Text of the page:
Soviet Politburo member Mikhail Gorbachev and British Prime Minister Margaret Thatcher, in lengthy private meetings here today, "both expressed a clear interest in avoiding an arms race in space," authoritative British sources said tonight.
"They are concerned, quite clearly as we are," one source said, in preventing the arms race from spreading to space, adding that Thatcher "undoubtedly" will raise the space issue with President Reagan when she meets with him at Camp David on Saturday.
The British sources, who briefed reporters but asked not to be identified, said the visiting Soviet official and the Conservative British leader discussed, "though not in any detail," the Reagan administration's Strategic Defense Initiative -- so-called "Star Wars" research into space-based defense against Soviet missile attack.
But the sources stressed that Thatcher is "a loyal ally" of Reagan, and they declined to answer specific questions about whether Thatcher would press Reagan to cut back on the project.
The Soviets are anxious to curtail both the Star Wars effort and U.S. testing of antisatellite weapons and were expected to emphasize these views to Thatcher, the allied leader closest to Reagan.
While Thatcher's government is known to support the United States' at least having a balance of antisatellite weaponry to match what Moscow already has, Thatcher has made two speeches this year in which she has come out against the dangers and the costs of a space race. That view also reflects the feeling of the other U.S. allies in Europe. Furthermore, they feel that if the Soviets build an antimissile defense, it could nullify the small, independent deterrent force of French and British nuclear missiles.
With talks set for Jan. 7 and 8 between Secretary of State George P. Shultz and Soviet Foreign Minister Andrei Gromyko in Geneva, one British source said tonight that Gorbachev brought "a personal message" for Thatcher from Soviet President Konstantin Chernenko that set out what Chernenko described as the "positive attitude with which the Soviets approach both Soviet-Anglo relations and international issues, particularly the Geneva talks."
The source said Gorbachev "gave the impression they want to make progress" at Geneva and that they want to approach those talks "in a positive and constructive way."
Gorbachev, 53, the highest ranking Soviet official to visit Britain in eight years and the man widely viewed as second in command in Moscow and a possible future president, spent 5 1/2 hours at Thatcher's country retreat at Chequers, much longer than scheduled.
The meeting presented the first opportunity for a major allied leader to size up Gorbachev face to face. The British sources gave him high marks.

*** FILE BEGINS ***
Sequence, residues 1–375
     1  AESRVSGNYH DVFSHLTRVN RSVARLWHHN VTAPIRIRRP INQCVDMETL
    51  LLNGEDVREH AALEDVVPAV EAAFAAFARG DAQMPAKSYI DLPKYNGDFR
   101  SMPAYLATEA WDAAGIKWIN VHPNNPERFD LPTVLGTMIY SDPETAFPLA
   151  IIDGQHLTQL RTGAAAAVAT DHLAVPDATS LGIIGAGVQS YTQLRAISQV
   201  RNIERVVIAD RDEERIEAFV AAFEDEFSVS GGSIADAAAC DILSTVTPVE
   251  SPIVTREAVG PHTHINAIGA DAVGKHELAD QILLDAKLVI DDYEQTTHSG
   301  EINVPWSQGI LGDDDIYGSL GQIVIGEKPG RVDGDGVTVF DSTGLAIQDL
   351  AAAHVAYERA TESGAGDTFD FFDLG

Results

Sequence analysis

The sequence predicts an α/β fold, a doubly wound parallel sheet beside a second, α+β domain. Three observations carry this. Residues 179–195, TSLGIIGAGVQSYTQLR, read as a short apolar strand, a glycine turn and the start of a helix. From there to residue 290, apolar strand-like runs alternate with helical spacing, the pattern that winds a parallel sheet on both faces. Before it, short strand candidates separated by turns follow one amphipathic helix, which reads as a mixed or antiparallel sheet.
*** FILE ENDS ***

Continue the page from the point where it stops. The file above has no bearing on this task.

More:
"He's clearly a very impressive man, actually," one source said, "of obvious authority and influence. He was impressively relaxed and seems to have a very good sense of humor. The smile was never far from his face. He knows his way around."
The sources said almost all of the 2 3/4 hours of private discussions was spent on East-West relations and arms control. While this was not a negotiating session, one source said, "one clear outcome was complete agreement that much more contact at this and other levels was needed as a means of building confidence necessary for success in arms control negotiations."
The source said Gorbachev "conveyed the impression that if the U.K. and the U.S.S.R. established better relations, then the effect would spread," an apparent reference to British influence with the United States.
Thatcher, according to British sources, "sought to impress" Gorbachev with the sincerity of the allied and American approach to achieving security and arms control and a lower level of armaments, which holds that a balance of power is essential, as is an ability to verify that balance.
As for Gorbachev's view, one British source said, "They want to feel secure but with far fewer weapons if they can possibly get it. They see the opportunity, just as we do, for spending the money that goes into arms on raising the standard of living of their people."
That comment is potentially significant since Gorbachev is widely viewed as supporting domestic economic reforms in the Soviet Union.
The source said under questioning that Thatcher did not hear anything new about the Soviet arms negotiating position but that "what we did get out of it is a better understanding of their point of view."
On other points, the source said Thatcher told Gorbachev that the Soviet occupation of Afghanistan is "not helpful" in improving East-West relations, and that she also raised the issue of treatment of various Soviet dissidents, including physicist Andrei Sakharov.